Themes and Meanings

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Last Updated on May 6, 2015, by eNotes Editorial. Word Count: 508

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Cock-a-Doodle Dandy combines comedy, satire, and Sean O’Casey’s personal romantic myth to attack bigotry and the life-denying puritanism encouraged by institutional religion in Ireland, the reactionary culture that had resented his critical realism and encouraged him to go into exile in Devonshire. The demon Cock, the central mythic figure of the play, is a lively symbol of the joy of life, which emanates from the unruly force of sexuality.

The characters of the play are easily divided into two groups on the basis of their attitudes toward the Cock and its enchantments. Those who would retreat into a narrow piety are frightened of the Cock and disturbed by his actions; those who accept their sexuality and seek to live life on terms of courage and generosity, while honoring joy and beauty, find the Cock amusing rather than disturbing. The latter characters are best represented by the messenger, who leads the Cock docilely out of the house in scene 1. Generally, the women characters also embody the spirit of affirming the Life Force (as George Bernard Shaw would have called it) represented by the Cock.

By contrast, few of the male characters, aside from the messenger, show the ability to act consistently in a generous and liberated spirit. Sailor Mahan is less puritanical than most of the frightened and superstitious men, and his best truck driver appears to be a courageous rebel before he is struck down by Father Domineer. But the truck drivers in general are not depicted as particularly sensitive, and their main concern is a determination to gain higher wages. The struggle of labor for social justice remains an issue in the background here, as it usually is in O’Casey’s work, but it is less deeply felt than in some other works.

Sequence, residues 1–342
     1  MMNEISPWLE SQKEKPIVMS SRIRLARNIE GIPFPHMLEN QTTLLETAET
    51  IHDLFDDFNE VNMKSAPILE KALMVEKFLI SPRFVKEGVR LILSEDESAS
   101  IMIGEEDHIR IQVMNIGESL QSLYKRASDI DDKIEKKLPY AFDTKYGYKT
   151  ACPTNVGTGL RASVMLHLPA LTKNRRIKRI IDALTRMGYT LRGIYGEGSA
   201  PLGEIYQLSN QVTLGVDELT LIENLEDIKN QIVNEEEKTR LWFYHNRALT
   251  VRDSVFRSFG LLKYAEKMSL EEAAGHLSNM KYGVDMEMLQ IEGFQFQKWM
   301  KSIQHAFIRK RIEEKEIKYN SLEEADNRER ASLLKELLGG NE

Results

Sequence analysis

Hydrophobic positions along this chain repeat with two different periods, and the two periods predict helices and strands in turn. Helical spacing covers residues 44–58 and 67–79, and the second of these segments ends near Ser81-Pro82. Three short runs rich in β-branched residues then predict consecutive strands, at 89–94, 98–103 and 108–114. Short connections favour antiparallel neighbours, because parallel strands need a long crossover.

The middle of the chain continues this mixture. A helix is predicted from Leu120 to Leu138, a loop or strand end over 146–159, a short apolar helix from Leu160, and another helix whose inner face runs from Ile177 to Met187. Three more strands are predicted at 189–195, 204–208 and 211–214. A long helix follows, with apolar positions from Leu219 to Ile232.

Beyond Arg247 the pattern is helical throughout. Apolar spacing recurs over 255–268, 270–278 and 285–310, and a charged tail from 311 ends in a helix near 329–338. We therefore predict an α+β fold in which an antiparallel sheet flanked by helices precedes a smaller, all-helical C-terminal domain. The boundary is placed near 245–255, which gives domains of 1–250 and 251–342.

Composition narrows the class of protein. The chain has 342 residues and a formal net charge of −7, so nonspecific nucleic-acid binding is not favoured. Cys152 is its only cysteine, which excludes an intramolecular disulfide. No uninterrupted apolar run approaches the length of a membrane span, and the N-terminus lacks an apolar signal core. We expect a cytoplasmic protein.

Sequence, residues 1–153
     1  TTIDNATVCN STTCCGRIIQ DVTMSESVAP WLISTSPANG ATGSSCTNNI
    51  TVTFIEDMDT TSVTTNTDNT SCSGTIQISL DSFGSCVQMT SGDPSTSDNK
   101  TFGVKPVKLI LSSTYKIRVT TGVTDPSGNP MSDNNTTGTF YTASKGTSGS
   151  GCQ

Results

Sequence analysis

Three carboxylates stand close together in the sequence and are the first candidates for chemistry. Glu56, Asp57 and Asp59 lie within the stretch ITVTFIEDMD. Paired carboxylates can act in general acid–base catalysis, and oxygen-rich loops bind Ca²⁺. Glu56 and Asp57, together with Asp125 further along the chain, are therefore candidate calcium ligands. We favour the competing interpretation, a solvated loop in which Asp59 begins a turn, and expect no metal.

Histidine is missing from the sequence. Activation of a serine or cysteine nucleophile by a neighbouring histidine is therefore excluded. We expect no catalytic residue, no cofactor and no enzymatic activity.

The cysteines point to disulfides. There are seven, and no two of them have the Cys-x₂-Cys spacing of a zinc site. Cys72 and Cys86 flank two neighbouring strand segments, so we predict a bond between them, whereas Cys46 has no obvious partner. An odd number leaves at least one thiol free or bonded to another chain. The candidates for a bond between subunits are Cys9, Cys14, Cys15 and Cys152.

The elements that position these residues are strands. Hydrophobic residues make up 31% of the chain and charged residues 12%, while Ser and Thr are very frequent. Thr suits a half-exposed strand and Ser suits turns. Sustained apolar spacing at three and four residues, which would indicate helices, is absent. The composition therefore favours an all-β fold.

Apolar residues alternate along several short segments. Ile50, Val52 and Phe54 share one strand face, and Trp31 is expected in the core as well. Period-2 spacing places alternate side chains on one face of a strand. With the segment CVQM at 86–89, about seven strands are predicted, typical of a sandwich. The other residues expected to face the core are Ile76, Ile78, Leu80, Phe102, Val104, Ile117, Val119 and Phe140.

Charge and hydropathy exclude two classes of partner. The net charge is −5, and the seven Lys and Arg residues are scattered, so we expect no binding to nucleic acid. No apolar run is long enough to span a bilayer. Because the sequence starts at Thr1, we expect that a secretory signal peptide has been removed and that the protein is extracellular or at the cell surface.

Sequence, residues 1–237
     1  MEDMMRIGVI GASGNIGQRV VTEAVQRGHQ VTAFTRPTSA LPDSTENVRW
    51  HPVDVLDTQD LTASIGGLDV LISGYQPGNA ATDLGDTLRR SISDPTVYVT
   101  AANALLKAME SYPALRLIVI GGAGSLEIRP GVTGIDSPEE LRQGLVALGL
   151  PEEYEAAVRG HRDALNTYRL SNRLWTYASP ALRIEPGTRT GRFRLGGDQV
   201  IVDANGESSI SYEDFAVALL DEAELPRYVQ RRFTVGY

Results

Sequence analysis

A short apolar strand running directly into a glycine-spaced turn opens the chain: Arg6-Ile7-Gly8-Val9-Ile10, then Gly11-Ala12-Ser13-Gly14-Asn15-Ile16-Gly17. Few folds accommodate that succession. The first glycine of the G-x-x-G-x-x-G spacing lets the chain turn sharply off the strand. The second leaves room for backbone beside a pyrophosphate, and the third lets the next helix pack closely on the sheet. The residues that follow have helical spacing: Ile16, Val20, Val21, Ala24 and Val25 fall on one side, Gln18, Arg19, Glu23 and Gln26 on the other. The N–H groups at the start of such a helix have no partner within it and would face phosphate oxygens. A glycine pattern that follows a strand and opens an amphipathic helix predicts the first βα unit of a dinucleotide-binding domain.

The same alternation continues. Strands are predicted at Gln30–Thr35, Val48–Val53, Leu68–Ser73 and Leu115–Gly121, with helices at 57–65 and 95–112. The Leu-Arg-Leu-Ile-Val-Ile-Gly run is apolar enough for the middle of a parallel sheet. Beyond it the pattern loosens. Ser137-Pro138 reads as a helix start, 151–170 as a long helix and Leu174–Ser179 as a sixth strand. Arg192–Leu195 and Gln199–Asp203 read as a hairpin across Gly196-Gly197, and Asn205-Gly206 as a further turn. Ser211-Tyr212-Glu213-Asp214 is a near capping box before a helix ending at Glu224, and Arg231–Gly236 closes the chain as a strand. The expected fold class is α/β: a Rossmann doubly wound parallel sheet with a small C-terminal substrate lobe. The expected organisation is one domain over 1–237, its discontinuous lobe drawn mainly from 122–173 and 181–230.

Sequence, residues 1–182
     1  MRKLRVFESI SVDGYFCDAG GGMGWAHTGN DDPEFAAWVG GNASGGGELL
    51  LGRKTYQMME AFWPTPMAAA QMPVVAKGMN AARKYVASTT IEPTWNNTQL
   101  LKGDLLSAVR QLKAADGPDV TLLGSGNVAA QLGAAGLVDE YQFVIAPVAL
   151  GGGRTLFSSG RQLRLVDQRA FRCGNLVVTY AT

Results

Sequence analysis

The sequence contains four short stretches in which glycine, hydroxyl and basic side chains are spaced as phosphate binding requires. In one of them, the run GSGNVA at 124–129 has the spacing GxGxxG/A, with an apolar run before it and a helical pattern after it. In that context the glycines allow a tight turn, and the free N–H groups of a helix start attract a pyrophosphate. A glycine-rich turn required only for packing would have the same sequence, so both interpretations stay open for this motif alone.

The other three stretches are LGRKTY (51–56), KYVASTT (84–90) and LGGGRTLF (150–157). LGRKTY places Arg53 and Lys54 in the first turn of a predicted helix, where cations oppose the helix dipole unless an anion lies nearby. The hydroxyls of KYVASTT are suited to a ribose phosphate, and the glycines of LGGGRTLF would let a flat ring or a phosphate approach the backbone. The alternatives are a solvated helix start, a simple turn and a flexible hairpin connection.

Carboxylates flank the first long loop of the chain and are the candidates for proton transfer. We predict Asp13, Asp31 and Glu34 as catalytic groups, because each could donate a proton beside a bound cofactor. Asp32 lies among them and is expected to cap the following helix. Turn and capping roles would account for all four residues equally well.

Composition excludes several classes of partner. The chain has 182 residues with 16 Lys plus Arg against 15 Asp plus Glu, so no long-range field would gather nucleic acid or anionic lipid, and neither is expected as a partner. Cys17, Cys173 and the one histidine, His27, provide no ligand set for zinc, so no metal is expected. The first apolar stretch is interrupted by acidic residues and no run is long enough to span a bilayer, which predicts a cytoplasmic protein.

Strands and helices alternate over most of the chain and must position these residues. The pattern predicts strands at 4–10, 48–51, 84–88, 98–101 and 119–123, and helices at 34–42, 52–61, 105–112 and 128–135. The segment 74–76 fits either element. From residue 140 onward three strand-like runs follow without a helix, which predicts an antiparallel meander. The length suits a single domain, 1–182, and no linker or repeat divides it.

Mahan, despite his genial outlook and worldly experience as a seaman, is not essentially different from Marthraun or the other followers of Father Domineer. Mahan is likable only by contrast to Marthraun, Shanaar, and Father Domineer. Marthraun’s courtship of Lorna was successful only because of his promise to give her sister money for a trip to Lourdes. He pretends to be in straitened circumstances; he tries to squeeze every drop of profit out of his peat bog. Eventually, however, Marthraun becomes pitiable, for he is abandoned by Loreleen, Lorna, and Marion.

If Marthraun and Mahan miss their chance to affirm the joy of living, Father Domineer and Shanaar are characters who never have questioned their superstitious bigotry. Father Domineer is a caricature of the reactionary force of Irish Catholicism at its worst, frightened and bitterly antagonistic toward social change, whether manifested in higher wages for working men or shorter skirts for women. Father Domineer is less a fully realized character than a satirical symbol; much the same can be said of Shanaar, who is nominally a Catholic, but, in his role as a sage and soothsayer, would seem to represent the debased state of Ireland’s once rich pagan culture, or even perhaps the state of Ireland’s poetic imagination.

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Characters